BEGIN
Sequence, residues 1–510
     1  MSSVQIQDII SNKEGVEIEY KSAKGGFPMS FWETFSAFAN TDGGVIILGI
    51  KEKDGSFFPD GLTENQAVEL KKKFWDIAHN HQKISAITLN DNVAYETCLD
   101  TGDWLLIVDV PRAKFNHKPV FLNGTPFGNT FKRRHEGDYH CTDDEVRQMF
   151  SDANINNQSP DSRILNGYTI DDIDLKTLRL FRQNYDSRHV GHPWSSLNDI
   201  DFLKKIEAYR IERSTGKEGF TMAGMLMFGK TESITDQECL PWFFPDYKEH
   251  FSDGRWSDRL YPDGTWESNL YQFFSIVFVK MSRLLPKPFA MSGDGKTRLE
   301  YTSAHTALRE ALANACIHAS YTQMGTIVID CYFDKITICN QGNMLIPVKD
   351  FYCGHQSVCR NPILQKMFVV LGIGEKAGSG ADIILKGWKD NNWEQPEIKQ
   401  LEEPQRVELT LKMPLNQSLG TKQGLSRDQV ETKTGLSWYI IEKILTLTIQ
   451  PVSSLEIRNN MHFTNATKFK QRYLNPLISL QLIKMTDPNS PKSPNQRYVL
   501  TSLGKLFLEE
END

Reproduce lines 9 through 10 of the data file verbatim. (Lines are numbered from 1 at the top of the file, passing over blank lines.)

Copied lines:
   351  FYCGHQSVCR NPILQKMFVV LGIGEKAGSG ADIILKGWKD NNWEQPEIKQ
   401  LEEPQRVELT LKMPLNQSLG TKQGLSRDQV ETKTGLSWYI IEKILTLTIQ